Monday, June 13, 2011


        For years the athletes at St. Catharine College have taken an interest in the youth of central Kentucky. The Patriot athletic teams have volunteered to read in elementary schools, have helped distribute commodities to needy families and have visited area schools for athletic clinics and camps.

       Now the athletes at St. Catharine have a chance to embark on what is now the most meaningful public service to date. That is the Hope Mentor Program about which SC athletic director Mike Doig recently received information. It is a new program for Kentucky teens who are currently in “out of home care”. Those could be teens who are in a foster home, group home or residential facility. These may be high school students but could even be those of college age.

       The program is currently hosted by Murray State University under the authority of Cabinet for Health and Family services in Frankfort. Ironically, the Frankfort contact is Paula Saenz, formerly Paula Jenkins who is a graduate of Washington County High school.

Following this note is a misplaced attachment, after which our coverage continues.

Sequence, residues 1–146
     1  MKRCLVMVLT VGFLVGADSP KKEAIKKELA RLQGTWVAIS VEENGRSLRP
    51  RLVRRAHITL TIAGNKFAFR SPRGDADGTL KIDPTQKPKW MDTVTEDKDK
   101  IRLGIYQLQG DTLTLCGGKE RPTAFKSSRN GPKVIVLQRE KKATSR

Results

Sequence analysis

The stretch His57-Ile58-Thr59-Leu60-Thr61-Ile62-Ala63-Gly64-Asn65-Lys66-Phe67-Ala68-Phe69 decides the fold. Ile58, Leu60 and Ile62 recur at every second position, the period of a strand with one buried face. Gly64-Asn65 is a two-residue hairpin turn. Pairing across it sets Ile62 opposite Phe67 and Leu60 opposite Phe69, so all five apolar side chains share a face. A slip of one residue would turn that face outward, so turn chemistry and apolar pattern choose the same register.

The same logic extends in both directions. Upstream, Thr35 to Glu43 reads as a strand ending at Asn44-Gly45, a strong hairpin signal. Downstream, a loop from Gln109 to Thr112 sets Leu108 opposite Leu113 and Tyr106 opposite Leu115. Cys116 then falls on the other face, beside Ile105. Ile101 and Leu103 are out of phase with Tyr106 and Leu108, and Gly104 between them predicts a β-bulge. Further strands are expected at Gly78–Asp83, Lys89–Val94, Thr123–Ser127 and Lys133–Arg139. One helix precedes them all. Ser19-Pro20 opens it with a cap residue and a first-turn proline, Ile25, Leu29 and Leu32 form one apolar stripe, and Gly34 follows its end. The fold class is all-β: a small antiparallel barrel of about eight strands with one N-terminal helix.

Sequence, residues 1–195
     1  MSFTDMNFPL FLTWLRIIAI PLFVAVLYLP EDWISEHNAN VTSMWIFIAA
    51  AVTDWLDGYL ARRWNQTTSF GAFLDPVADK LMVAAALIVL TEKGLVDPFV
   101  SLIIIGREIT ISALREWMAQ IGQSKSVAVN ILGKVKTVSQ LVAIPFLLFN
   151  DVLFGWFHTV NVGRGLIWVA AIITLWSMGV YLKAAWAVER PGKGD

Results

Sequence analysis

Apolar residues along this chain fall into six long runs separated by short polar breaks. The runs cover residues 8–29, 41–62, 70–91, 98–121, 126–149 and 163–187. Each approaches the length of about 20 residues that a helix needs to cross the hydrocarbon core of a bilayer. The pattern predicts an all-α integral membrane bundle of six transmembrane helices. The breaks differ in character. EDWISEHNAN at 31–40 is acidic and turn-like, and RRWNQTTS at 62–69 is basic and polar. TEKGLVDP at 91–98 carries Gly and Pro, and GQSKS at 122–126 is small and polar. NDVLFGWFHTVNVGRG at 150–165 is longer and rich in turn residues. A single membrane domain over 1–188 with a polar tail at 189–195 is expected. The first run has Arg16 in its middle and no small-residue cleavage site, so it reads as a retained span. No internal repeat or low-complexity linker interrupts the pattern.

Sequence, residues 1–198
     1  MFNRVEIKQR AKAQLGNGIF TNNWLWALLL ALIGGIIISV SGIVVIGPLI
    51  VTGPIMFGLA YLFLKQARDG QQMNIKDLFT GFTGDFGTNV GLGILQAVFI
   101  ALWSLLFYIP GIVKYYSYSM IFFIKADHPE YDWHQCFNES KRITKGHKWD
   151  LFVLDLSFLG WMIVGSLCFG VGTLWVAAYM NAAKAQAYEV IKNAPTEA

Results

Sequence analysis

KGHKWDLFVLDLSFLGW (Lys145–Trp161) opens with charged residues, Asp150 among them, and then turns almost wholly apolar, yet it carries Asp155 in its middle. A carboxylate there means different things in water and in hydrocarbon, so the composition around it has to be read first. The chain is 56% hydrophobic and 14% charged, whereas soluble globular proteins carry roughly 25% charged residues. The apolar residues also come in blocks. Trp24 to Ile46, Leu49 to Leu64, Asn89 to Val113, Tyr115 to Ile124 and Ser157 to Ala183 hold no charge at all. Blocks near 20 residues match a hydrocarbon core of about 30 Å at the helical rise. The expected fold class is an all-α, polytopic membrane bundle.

“This program is for young people aged 16 or older,” said Saenz who is State Independent Living Coordinator. “So far the University of Kentucky and St. Catharine are the two colleges that have contacted me about the mentor program. So often these young kids do not have the support system they need and the college athletes can provide that.”

        In the initial introduction to the program, Saenz outlined the difficulties these teens may have. “Because of their past experiences with abuse and/or neglect, these teens are at a higher risk than their peers in the general population for less than positive outcomes. Those can include higher high school drop-out rates, higher instances of substance abuse, higher chances of incarceration and greater chances of an out of wedlock pregnancy.”

       The mentors must be 21 years of age, pass a background check and complete training. As a mentor they would be asked to have contact with their teen at least four times per month. Mike Doig sees the benefits of such a program running both ways.

       “As a mentor you or more or less saying, ‘Be like me’”, said Doig. “No longer is the world all about me but it comes to helping other people. It is a step in the maturation process for our athletes and a development of character. It fits perfectly in the mission of our College as well as that of the NAIA.”

        The program for the mentors is a six month commitment (September-April). Doig says he hopes to implement it when the student-athletes arrive for the fall semester in August.